Document Type


JEL Codes

D7, G28, K22, L5, P16


Scholars frequently assert that financial legislation in the United States is primarily crisis driven. This “crisis-legislation hypothesis” is often cited as an explanation for various supposed shortcomings of US financial legislation, including that it is poorly conceived and inadequate to the problems it aims to address. Other scholars embrace the hypothesis, but from the perspective that crises are the needed impetus to prompt constructive reforms. Despite the prevalence of this hypothesis, however, its threshold assumption—that Congress passes major financial legislation only when financial crises arise—has never been analyzed empirically. This article provides that analysis. We first devise a new system for assessing legislative importance based on the notion of citation indexing, the principle at the heart of algorithms employed by modern search engines such as Google. Using a suite of legislative importance metrics, we show that the crisis-legislation hypothesis strongly fits for securities laws but far less so for banking laws. We conclude, therefore, that reformers would be ill-advised to push for government interventions in the banking system only following crises and that those seeking to understand dysfunction in US bank regulation will need to pursue fuller explanations.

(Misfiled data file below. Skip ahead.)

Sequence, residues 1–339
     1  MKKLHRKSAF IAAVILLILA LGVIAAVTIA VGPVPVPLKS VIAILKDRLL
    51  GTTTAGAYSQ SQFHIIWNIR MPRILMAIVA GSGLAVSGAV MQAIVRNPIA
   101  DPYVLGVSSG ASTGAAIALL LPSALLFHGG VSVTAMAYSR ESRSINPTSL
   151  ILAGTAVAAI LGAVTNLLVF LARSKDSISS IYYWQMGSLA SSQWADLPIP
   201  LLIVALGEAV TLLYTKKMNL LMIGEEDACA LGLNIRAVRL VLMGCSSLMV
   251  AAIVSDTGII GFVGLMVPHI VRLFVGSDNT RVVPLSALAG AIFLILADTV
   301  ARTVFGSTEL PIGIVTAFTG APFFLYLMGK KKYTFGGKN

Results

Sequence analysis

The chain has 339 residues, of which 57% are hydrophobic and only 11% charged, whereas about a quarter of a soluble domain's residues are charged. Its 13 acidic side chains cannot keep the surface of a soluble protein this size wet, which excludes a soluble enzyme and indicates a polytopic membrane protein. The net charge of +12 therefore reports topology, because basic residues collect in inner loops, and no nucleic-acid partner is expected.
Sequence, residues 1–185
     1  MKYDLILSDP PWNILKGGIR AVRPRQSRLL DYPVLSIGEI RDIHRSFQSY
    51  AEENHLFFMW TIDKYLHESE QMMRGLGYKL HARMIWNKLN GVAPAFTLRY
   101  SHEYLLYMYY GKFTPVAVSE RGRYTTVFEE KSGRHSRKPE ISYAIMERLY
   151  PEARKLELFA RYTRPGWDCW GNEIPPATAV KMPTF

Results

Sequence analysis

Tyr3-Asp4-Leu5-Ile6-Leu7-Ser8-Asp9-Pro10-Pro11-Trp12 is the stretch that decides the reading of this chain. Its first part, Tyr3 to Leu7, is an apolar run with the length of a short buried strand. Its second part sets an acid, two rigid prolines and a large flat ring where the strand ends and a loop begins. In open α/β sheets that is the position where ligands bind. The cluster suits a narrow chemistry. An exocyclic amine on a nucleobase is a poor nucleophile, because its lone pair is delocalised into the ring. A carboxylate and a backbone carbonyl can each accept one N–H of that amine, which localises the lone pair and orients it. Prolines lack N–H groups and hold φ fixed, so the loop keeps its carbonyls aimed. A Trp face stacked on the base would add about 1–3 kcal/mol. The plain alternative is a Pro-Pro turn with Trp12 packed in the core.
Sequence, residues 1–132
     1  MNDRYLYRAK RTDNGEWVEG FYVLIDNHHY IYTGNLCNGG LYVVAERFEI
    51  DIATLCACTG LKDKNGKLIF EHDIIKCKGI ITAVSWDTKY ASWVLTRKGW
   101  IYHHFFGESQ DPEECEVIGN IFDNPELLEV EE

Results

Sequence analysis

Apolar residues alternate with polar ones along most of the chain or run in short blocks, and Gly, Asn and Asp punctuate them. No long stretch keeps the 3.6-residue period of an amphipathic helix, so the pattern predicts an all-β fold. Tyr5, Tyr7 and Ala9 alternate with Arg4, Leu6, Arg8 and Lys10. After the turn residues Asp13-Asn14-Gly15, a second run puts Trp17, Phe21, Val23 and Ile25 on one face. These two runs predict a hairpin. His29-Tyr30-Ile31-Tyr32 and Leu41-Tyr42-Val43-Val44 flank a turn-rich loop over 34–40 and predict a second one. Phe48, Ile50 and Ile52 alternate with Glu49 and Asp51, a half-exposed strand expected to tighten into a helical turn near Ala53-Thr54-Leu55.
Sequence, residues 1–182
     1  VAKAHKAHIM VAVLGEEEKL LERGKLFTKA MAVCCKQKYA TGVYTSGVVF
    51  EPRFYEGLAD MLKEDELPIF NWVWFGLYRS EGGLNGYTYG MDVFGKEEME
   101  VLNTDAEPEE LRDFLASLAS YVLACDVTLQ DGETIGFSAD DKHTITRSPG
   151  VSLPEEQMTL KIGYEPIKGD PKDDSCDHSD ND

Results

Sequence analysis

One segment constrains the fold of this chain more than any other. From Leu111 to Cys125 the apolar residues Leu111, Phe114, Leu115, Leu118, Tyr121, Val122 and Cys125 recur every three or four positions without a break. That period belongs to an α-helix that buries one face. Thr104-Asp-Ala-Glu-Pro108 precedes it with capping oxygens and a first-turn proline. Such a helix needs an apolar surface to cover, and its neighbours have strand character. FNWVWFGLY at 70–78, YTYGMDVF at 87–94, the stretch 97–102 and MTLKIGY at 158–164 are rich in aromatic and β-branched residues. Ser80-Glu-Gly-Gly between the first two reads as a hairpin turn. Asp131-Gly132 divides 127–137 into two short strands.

Date Revised